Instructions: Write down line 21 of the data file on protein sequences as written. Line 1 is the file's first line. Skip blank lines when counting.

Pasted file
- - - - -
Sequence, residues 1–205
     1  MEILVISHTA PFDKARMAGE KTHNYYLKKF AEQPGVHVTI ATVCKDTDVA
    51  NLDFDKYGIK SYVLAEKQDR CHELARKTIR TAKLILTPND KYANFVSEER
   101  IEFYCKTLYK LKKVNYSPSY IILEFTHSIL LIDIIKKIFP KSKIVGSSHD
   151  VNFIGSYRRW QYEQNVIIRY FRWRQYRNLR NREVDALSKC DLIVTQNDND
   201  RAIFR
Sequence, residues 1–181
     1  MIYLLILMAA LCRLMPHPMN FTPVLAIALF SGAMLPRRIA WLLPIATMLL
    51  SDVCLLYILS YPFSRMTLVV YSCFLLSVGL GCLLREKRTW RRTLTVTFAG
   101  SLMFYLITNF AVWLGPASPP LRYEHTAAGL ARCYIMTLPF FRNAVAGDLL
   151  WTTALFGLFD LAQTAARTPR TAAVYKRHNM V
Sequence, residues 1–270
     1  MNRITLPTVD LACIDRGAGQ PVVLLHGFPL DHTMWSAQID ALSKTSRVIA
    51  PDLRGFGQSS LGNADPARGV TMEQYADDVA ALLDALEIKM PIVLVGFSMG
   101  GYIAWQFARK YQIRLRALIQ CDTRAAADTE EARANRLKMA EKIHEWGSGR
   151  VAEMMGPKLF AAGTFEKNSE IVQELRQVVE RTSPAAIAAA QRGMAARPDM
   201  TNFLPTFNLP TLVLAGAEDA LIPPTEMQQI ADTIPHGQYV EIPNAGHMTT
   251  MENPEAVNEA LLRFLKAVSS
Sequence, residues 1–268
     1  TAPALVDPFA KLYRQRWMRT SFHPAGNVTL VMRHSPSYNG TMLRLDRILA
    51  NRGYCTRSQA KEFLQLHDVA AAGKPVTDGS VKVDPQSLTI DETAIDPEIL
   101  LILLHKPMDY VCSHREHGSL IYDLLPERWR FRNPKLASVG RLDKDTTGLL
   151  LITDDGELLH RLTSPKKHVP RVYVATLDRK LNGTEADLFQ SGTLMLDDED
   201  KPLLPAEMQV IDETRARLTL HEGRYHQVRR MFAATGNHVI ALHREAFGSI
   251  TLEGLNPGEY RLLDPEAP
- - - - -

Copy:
    51  NRGYCTRSQA KEFLQLHDVA AAGKPVTDGS VKVDPQSLTI DETAIDPEIL